and onion over medium heat 5 minutes or until tender. Transfer
mixture to bowl; keep warm. To same skillet, add cream, chili powder,
and pepper. Bring to a boil; boil 5 minutes or until cream has
slightly thickened, stirring occasionally. Pour over pasta and toss
well. Spoon SPAM mixture over pasta. To serve, sprinkle with chopped
tomatoes and cilantro.

Monday, August 27, 2007

Colbert or Bush?

The argument that America's presence in Indochina was dangerous had a long pedigree. In 1955, long before the United States had entered the war, Graham Greene wrote a novel called, "The Quiet American." It was set in Saigon, and the main character was a young government agent named Alden Pyle. He was a symbol of American purpose and patriotism -- and dangerous naivete. Another character describes Alden this way: "I never knew a man who had better motives for all the trouble he caused."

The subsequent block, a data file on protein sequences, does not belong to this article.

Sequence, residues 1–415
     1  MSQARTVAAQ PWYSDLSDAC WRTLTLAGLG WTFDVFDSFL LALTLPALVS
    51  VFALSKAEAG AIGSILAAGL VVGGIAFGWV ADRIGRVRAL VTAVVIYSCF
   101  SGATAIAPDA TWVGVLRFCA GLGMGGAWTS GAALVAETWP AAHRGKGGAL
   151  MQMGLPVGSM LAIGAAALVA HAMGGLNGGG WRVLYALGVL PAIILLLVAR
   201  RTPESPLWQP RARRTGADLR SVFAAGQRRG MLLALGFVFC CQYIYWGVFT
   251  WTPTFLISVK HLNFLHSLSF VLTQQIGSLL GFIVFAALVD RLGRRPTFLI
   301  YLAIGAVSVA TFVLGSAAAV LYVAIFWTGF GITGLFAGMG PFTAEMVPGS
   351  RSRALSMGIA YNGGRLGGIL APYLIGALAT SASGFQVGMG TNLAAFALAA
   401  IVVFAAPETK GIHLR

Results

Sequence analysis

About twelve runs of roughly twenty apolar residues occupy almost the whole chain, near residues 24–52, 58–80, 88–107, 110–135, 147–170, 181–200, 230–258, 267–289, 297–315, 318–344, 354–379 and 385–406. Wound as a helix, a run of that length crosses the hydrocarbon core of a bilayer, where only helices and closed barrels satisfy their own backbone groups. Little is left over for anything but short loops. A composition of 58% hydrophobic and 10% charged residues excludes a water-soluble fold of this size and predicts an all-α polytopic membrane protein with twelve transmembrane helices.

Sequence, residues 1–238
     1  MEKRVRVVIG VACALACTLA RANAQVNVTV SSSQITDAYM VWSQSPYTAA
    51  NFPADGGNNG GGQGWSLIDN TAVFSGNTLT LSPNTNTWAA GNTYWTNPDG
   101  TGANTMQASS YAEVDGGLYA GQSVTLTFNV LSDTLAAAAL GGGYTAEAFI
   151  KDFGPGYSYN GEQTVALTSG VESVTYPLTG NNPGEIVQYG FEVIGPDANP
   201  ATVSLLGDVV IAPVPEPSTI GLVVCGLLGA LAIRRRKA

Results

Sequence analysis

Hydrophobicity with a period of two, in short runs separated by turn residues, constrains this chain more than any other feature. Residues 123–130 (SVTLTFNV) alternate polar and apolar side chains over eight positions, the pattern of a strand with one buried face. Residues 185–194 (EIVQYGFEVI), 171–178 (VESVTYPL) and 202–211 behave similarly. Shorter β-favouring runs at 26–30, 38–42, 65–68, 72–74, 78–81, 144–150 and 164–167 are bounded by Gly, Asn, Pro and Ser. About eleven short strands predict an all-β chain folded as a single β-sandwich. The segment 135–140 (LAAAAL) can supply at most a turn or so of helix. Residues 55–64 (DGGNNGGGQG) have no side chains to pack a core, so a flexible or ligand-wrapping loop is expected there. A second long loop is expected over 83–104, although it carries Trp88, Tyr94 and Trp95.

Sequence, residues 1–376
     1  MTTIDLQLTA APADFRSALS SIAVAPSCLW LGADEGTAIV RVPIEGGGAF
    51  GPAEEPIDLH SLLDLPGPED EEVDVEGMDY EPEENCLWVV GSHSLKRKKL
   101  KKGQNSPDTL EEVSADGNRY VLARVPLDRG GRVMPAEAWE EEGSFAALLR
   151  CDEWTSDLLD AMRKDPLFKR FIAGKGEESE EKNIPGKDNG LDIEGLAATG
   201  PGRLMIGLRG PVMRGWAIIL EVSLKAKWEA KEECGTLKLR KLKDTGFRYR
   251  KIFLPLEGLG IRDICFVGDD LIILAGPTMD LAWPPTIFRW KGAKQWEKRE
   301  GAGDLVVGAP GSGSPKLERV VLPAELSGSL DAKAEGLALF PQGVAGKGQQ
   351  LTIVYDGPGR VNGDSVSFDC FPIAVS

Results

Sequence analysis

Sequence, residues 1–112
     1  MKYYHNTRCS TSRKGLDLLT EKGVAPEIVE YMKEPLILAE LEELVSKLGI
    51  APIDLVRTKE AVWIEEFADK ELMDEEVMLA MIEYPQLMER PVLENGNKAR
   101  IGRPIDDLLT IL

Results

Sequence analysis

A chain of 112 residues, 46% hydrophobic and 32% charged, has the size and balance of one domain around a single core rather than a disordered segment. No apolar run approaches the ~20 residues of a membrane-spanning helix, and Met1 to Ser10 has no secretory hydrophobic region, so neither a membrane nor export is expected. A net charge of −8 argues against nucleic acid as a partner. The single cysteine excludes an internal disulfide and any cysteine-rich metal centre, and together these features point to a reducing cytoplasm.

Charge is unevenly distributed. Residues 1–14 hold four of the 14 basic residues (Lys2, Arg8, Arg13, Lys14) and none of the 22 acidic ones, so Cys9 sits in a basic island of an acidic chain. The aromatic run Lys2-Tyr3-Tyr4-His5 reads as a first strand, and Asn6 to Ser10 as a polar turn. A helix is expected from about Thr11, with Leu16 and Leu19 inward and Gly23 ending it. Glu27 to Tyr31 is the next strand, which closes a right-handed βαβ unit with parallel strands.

Colbert is smart. But some stuff you just can't make up.

Sunday, August 26, 2007

Friday, August 24, 2007

AC/DC Sin City 1978

I am rather embarrassed to say that my taste for the boys down under (particularly the one in short-pants) came quite late in life. Indeed, when I was young, I rather disliked them. Either I was very wrong then or I am very wrong now. I hope for the former. Enjoy.

This will work, not!

Sun Microsystems is going to leave the roots of its name -- Stanford University Network -- behind and change its listing on the Nasdaq stock exchange from SUNW to JAVA.

In 2000, SUNW traded above US$61. Today, it's under US$6.

I can't say how much I disagree with these words

From (someone will have to show me how to do block quotes: